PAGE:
What if Things Don’t Get Back to Normal?


In these uncertain times, one of the most common questions is “What’s next?”. This question is often asked without expecting a definitive answer. The truth is that no one knows. Experts were taken by surprise by the failure of zero Covid and the Afghan fall before the Taliban. The unexpected dependence of Europe’s energy on Russian gas and the stubborn failure to bring down Ukraine before the Putin blitz revealed the limits of prediction. The touching faith policymakers had in modeling is gone. The impressive rise in computing power led to a period of confidence in models that made it possible to treat predictions as facts. This was the basis for government policy. It allowed the overconfident movement of reality into virtual reality.

The false light of the holodeck has been turned off, metaphorically leaving us in the dark, with Germany’s industrial energy rationing and Biden’s plan to release 180 million barrels of the National Strategic Petroleum Reserve. Although no one can foresee the future, it is possible to plan our expectations for the next months using probabilities. This allows us to prepare for unexpected events, even though they are likely. These are some things that people who worry about the future should consider.


This war will be long-lasting. The Russians might be able to relaunch a battle for movement. However, the war in Ukraine is likely to become a war by attrition or trench warfare. Technology alters the balance of defense and offense, making it more difficult for Moscow.

It will be difficult times. “Eighty-one percent of Americans are concerned about a recession this year.” Things could get very ugly in Third World. In weak countries such as Egypt, Sri Lanka, and Sri Lanka, a food and fuel crisis could erupt. Already, the U.S. anticipates trouble. “Republican Lindsey Graham from South Carolina and similar-minded senators warn that widespread food shortages could lead to mass migration and political instability across North Africa, the Middle East, and this could pose a threat to U.S. security.”

The world will be arming itself. Seven European countries have increased their defense budgets in a month. More are likely to follow.


Many politicians will lose their jobs in the coming months. There will be a change in the cast. Recent events could trigger significant turnover in the U.S. and Western Europe’s political leadership over the next year. Putin isn’t the only one worried about regime change. Biden fears that his bad luck will make him a weak candidate if his party loses the midterms. CNN reports that Biden’s entire presidency was born in a crisis, a once-in-a-century pandemic. Now, his party’s second great standoff against the Kremlin is likely to define him. Jennifer Rubin, WaPo, expressed frustration at Biden’s poor luck, saying, “If it wasn’t for inflation this president’s economic performance wouldn’t be unmatched.”

The Imponderables

While we are on the topic of might-have-been, even with the likely developments, it seems that the status quo’s survival chances seem grim, but not impossible. They are encouraged and determined to win. Tomorrow maybe tomorrow. However, everyone’s carefully planned survival plan might be thrown off track by an unforeseeable event. These are the what-ifs. Some possibilities of these events are listed below but cannot be predicted. Imagine:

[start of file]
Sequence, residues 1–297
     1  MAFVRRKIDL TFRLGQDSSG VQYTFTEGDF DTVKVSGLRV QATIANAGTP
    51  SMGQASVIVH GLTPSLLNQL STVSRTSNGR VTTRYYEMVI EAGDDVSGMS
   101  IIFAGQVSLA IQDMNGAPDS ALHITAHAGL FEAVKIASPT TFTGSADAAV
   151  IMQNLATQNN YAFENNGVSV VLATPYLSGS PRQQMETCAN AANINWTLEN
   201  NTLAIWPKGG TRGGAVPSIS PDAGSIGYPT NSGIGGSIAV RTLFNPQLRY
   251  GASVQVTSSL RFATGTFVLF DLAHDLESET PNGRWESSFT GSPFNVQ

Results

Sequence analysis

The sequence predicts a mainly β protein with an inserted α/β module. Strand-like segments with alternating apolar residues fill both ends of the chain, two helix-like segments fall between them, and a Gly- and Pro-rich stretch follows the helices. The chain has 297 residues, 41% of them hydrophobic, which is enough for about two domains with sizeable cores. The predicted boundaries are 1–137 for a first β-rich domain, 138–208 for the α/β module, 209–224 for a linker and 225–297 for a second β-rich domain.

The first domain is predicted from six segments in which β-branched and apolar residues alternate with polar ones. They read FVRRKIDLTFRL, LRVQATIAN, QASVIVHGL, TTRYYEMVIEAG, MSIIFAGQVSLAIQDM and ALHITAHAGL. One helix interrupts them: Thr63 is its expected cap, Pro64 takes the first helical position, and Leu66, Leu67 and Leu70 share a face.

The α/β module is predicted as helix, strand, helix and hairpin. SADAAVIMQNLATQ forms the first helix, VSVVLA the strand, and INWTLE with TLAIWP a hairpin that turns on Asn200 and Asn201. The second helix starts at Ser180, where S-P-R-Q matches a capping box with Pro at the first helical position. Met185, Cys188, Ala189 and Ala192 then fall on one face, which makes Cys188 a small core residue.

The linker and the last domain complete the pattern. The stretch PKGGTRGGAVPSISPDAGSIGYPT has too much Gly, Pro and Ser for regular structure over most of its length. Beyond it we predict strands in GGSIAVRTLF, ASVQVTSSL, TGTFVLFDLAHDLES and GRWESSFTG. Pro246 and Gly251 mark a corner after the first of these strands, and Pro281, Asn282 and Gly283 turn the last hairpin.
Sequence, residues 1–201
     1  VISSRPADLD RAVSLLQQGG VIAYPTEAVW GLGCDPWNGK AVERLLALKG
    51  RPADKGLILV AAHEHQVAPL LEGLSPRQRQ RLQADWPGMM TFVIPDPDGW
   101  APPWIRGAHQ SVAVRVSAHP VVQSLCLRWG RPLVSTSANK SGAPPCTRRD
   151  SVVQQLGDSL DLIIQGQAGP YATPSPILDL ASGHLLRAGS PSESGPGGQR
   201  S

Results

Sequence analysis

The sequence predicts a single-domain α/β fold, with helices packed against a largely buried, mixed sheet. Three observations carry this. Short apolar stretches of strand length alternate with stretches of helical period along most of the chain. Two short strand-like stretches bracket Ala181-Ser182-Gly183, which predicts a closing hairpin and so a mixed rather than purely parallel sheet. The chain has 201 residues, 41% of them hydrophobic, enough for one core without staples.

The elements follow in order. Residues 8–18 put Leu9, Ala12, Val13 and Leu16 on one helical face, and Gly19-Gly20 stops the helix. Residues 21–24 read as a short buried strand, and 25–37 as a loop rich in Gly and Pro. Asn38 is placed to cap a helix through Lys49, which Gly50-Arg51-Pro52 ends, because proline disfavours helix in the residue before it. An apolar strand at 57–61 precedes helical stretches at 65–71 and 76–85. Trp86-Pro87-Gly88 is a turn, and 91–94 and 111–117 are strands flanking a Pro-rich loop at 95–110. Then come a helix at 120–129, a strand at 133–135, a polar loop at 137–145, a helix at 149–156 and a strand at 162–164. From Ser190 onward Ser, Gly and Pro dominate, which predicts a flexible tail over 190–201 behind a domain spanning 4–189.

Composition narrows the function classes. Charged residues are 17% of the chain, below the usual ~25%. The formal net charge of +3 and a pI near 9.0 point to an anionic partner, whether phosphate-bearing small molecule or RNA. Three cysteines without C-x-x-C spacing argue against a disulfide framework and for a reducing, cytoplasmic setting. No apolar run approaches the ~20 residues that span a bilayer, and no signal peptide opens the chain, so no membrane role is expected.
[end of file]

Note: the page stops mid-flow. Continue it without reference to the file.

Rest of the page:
A breakthrough positive development such as fusion power, or a highly effective coronavirus vaccine.

NATO and nuclear weapons use are included in the escalation of the Ukraine war.

A coup in Moscow or the assassination of the Ukrainian leader by Russian agents

A deadly and virulent Covid mutation has emerged.


This would make things much more interesting. It is clear that even with all the probabilities, any attempt to predict the future is futile. It may be more beneficial to replace the question, “What’s next?” which is impossible to answer, with one that allows at least partial answers. For example, “How fast can we adapt to rapidly changing environments?”. To borrow from evolutionary biology, fitness simply refers to the ratio of good ideas reproducing to bad ideas and the rate at which other political systems, such as Russia’s, can adapt. The most futuristic question is, can we learn faster than disaster can overtake? Or, can Washington learn quicker than Putin and Xi?

This metric shows that Washington’s record in adapting to reality is not encouraging. Bad ideas are preserved from extinction by the Beltway. The Beltway is home to giant beasts such as open borders, the Israeli-Israeli two-state solution, and the Iran nuclear agreement. Nobody can eradicate them. It is a place where nonsense thrives and common sense is driven to the brink of extinction. Elon Musk pointed out that the federal government has “very, very old leadership.” He wondered how leaders can “stay in contact with the people” when they are many generations away from the majority of the population. While this may have been irrelevant during stable international order when little changed year to year. It may be crucial in 2022 when everything is changing rapidly. Many are still asking the question “How do we get back to the way they were?” But it has not become the imperative “How do we survive until tomorrow?”